What’s a crosswise fold layout? All it means is that you’re folding the fabric width-wise instead of lengthwise. Instead of folding your fabric selvedges together forming a long narrow fold, you’re folding your fabric raw-edges together, forming a wider, shorter piece.
Why would you need to use a crosswise fold layout?
- When you’re using really narrow fabric
- When you have very large pattern pieces
- When the fabric cutting layout asks you to
It’s easy to do! It helps if you have a large table or cutting surface. My cutting surface has actually gotten smaller since I moved to the office, that’s the only thing that’s hard to do here. I can either cut on my desk, or put the sewing machines away and use their table, which is what I’ve been doing most often.
Next, fold the newly-straightened ends together, forming a big loop of fabric. The selvages should be meeting on both sides of this fabric loop, there should be two raw edges at one side, and a crosswise fold at the other end.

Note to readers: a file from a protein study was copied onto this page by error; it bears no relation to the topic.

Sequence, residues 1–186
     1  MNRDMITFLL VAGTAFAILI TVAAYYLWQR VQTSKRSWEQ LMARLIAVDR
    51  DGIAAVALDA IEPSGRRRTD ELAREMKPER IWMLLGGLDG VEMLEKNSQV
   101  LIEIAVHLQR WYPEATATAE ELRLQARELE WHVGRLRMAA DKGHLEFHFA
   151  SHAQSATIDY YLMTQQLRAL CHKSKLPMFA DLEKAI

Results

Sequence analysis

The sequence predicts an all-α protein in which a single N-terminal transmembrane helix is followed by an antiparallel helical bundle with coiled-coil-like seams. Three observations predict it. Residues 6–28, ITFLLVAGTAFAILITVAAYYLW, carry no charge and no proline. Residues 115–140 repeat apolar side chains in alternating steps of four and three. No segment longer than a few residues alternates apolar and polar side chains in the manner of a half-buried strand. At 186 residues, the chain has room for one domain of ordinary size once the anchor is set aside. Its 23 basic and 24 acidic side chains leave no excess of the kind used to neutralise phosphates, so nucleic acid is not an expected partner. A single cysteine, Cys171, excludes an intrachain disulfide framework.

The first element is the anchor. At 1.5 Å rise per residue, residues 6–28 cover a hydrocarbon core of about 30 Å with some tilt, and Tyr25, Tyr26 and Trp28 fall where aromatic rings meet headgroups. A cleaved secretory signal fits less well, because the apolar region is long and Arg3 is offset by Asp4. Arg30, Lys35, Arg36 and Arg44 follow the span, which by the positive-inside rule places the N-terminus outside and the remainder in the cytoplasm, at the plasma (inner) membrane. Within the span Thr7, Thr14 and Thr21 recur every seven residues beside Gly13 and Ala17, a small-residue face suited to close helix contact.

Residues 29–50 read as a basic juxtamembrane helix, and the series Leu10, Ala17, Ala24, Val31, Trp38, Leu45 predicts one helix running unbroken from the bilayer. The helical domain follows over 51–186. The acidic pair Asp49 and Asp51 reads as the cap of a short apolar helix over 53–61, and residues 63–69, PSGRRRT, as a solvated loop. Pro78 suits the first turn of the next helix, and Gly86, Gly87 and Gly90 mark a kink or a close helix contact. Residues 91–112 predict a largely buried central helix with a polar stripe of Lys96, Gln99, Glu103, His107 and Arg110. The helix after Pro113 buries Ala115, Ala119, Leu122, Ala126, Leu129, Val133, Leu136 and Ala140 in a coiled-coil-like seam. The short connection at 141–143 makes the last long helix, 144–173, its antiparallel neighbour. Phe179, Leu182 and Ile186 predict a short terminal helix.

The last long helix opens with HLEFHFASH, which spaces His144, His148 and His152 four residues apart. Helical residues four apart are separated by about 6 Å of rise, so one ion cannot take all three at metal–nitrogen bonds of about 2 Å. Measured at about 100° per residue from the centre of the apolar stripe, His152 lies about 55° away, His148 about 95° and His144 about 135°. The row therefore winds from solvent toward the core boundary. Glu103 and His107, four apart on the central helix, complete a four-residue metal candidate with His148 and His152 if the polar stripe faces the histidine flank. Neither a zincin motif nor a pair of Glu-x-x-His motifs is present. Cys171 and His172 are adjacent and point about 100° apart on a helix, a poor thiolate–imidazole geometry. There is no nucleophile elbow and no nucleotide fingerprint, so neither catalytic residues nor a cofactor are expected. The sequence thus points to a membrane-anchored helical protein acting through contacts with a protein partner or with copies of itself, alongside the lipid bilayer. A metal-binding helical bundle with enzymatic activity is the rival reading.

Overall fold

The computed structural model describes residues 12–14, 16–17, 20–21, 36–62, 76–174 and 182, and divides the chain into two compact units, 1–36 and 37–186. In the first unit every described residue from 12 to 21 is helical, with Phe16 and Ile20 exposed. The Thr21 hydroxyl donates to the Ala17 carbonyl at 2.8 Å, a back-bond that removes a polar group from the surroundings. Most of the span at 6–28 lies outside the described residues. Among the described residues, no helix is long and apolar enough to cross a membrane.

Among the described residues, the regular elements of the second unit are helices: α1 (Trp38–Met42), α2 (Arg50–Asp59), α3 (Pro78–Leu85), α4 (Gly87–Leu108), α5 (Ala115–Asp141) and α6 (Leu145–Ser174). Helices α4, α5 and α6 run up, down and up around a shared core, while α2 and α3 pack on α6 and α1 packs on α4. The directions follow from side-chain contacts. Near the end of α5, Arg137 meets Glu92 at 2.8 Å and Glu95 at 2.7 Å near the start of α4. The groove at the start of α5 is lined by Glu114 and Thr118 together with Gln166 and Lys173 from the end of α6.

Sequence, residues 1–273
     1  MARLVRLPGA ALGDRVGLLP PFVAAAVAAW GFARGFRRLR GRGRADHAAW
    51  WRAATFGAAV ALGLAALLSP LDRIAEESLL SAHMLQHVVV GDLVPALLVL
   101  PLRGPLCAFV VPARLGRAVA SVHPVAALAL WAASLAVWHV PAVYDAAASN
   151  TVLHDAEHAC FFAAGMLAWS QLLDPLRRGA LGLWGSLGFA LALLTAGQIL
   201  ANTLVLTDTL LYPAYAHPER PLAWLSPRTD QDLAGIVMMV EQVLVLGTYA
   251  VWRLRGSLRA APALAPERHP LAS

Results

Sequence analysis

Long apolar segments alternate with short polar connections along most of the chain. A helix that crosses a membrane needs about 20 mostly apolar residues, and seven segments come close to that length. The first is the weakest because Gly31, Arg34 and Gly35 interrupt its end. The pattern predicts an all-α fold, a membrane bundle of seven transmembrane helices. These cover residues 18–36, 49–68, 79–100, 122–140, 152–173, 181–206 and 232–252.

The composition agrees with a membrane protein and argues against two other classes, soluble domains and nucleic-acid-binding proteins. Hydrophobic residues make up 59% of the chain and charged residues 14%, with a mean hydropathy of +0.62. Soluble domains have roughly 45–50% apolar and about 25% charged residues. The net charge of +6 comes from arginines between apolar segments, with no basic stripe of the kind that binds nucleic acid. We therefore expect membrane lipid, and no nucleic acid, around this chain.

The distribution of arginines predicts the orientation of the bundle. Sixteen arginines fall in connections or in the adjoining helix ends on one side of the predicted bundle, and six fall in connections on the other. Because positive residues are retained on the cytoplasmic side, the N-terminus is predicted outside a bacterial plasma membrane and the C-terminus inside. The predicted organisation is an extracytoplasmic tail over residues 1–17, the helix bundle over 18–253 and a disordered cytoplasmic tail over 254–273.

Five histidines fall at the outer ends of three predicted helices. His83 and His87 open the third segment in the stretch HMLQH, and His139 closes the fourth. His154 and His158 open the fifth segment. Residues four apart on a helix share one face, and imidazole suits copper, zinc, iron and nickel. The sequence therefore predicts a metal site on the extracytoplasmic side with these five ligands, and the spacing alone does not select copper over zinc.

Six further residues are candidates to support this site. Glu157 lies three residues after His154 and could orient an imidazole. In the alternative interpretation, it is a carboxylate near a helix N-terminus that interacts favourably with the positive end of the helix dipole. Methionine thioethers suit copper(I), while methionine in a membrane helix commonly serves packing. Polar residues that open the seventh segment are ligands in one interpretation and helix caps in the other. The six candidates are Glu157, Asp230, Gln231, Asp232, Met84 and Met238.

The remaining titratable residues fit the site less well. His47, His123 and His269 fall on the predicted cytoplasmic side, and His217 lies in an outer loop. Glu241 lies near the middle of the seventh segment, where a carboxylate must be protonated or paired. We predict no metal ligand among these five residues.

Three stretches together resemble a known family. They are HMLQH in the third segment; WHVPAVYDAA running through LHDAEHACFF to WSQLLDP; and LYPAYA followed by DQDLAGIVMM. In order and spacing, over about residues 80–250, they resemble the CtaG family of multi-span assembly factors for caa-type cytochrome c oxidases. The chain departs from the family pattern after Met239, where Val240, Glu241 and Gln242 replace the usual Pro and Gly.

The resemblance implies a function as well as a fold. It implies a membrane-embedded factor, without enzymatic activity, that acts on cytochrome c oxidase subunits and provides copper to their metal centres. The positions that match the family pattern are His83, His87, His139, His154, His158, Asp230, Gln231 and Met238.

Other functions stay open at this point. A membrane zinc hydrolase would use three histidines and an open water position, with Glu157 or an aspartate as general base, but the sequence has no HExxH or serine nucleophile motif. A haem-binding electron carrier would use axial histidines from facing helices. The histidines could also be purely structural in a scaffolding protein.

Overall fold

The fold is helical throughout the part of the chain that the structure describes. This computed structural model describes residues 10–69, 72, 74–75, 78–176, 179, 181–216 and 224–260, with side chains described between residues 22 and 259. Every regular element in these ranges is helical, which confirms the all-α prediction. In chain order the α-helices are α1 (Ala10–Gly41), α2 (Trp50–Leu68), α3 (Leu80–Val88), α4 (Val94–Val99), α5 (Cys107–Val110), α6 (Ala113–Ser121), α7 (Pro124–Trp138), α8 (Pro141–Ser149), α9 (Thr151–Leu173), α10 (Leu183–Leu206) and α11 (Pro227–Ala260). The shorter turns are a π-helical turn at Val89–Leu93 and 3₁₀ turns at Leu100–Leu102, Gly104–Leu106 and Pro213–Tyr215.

I tried to take photos of this in action, but they weren’t clear at all! So I made a mini demonstration with a small piece of fabric.
Here’s a regular folded piece of fabric, selvedges together:
And here’s the same piece of fabric, folded crosswise with the raw edges together:
Makes sense, right? See how the dimensions change from long-and-skinny to short-and-wide? Easy!
Sometimes you’ll want to turn the bottom layer of fabric, so it runs the same way as the top layer. Right now, our top layer is going one direction, and the bottom layer is going the other direction. This would be really obvious if you had a one-way design, like people. All of their heads would be one way and their feet the other way – and reversed on the bottom layer!
It’s easy to fix that, though. Simply cut the crosswise fold, and turn the top layer 180 degrees so it’s going the same direction as the bottom layer.
I didn’t do that for the Lonsdale Dress cutting layouts, because this dress is not suitable for one-way designs. They simply eat up too much fabric!
Of course, rules are made to be broken, so if you want to use a one-way printed fabric, go for it! I’d suggest bringing the pattern pieces to the fabric store and making a quick layout on your chosen fabric to determine how much extra to buy.
Any other questions on cutting with a crosswise fold layout? Leave a comment below!